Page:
All that was needed to bring this brave new world into being was the obliteration of those who threatened it, either by attack from without or by rebellion from within. The generals who helped conduct Alexander’s massacres were not butchers but loyal supporters of his driving vision. They had agreed to pursue his multiethnic world-state, certain they would one day share in rule over it.
“And so the generals at Babylon,” Romm tells us, “like gods claiming chunks of the cosmos, took charge of the pieces of Alexander’s empire that best matched their power, temperament, and rank.” One of the earliest ironies of Ghost on the Throne (and the book is full of ironies – Romm doesn’t partake of the soft-focus romanticism that governed most writers on Alexander’s life and times in the early 20th Century) is that Alexander himself was responsible for the very efficiency with which his adjutants dismantled his legacy:
Alexander the Great had taught his disciples well. During his twelve-year Asian campaign, his officers had watched him manage with surgical skill the world’s most complex army. They had seen him orchestrate the phalanx bristling with spears, the cavalry strike force, and the quick-moving Hypaspists, or Shield Bearers; draw on one force or another, or combine the three, depending on terrain and opponent; synchronize their rates of travel; and keep them fed and provisioned by despoiling the route of their march. In India they had seen him master the only known war machine his army then lacked, the trained elephant. Alexander had brought some two hundred of these fortresslike beasts out of India, to terrorize the enemies he never got to fight – Arabs, Carthaginians, and other targets historians can only guess at.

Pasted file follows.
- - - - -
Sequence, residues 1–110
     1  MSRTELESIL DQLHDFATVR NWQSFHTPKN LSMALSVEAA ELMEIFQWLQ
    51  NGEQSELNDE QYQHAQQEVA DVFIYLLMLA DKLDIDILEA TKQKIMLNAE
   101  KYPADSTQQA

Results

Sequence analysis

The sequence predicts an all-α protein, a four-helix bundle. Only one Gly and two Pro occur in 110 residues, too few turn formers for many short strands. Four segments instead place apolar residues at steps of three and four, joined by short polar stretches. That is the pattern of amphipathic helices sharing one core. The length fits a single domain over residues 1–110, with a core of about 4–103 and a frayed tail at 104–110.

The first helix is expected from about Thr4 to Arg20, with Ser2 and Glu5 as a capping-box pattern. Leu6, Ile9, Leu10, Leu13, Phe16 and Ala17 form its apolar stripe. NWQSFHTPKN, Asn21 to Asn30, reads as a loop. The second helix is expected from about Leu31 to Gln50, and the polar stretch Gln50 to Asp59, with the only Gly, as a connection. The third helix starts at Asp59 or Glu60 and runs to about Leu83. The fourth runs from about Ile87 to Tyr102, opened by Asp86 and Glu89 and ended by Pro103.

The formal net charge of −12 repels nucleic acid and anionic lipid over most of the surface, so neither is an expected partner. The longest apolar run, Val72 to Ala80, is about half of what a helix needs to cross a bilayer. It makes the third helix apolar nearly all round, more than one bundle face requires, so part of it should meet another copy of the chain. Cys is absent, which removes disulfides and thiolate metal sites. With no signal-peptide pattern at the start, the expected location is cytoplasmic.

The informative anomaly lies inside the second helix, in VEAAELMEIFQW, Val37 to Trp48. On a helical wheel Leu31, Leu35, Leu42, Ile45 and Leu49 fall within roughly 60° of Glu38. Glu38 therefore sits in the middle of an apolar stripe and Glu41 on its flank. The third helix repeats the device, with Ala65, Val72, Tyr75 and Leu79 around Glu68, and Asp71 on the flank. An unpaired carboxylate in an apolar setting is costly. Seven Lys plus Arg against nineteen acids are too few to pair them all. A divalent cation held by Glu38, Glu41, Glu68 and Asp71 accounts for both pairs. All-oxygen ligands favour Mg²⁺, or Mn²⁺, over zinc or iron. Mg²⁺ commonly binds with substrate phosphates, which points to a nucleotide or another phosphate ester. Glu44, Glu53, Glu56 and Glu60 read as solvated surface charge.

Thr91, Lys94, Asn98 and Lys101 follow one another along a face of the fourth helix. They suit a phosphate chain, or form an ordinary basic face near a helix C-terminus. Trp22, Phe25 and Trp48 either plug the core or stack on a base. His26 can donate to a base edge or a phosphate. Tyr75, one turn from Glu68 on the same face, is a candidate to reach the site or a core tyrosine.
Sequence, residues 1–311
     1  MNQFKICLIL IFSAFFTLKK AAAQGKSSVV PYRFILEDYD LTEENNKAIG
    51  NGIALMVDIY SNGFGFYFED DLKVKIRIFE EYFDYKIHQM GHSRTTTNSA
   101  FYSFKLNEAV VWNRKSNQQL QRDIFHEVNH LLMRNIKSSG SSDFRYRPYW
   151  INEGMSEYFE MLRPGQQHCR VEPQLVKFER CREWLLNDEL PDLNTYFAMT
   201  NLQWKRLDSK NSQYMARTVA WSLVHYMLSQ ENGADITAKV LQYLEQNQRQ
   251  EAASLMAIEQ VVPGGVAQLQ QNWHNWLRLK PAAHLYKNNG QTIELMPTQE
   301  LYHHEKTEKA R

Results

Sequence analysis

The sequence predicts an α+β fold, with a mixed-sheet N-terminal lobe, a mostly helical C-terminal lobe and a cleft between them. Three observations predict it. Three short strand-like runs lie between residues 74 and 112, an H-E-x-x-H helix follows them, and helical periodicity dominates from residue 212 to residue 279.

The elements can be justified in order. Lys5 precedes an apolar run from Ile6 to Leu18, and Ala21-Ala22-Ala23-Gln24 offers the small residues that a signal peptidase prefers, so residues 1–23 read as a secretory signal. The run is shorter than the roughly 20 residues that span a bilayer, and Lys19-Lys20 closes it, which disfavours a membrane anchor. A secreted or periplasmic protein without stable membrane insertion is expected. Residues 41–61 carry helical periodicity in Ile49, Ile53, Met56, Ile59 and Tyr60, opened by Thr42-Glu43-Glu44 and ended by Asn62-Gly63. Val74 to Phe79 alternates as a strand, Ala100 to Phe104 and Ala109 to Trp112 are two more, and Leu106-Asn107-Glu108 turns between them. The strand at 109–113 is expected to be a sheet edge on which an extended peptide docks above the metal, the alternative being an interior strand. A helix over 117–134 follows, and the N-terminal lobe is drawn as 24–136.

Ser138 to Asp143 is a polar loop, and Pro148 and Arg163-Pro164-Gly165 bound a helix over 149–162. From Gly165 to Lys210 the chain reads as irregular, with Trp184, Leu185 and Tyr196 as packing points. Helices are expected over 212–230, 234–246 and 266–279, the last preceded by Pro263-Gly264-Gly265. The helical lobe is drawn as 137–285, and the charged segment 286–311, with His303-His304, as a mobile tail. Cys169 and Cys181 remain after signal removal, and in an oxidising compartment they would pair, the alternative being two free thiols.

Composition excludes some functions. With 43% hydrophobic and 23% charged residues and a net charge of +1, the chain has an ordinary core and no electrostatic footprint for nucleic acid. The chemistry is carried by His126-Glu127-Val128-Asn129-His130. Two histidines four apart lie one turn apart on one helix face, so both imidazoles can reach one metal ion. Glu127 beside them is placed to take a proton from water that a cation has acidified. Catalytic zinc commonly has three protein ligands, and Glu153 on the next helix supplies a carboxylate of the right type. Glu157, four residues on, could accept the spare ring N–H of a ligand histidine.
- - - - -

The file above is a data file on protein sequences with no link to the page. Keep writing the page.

Necessarily, his canvas is broad. He needs to cover not only dissent at the end of the world but also scheming and power-playing all the way back at the heart of Alexander’s power, his native kingdom of Macedon, where successors from the line of Alexander’s blood lost no time in claiming his mantle. It’s another mark of Romm’s narrative skill that he makes these stories of court intrigue every bit as fascinating as his more Homeric stories of contesting generals and admirals. As with that brief suggestion of Alexander fighting Carthaginians, much of the power of these segments comes from Romm’s powerful imagination, always alert for might-have-beens:
Adea [crowned Eurydice, temporary queen of the Macedonians] had nearly pulled off a coup that would have given her control of the kings and the army. With just a few more soldiers on her side, she might have outdone Eumenes, victor over Neoptolemus and Craterus, and brought down three top generals – Antipater, Antigonus, and Seleucus – in a single day.
In the end, the imperial unity Alexander dreamed of died with him, and the next three centuries of West Asian history were dictated by the factious kingdoms set up by his warring successors. Although the story has less visceral allure than the golden myth of Alexander’s swath across the world, it’s easily a more important story nevertheless – and in James Romm it has a teller well worthy of your attention. This is history every reader should know, and this is exactly how it should be written.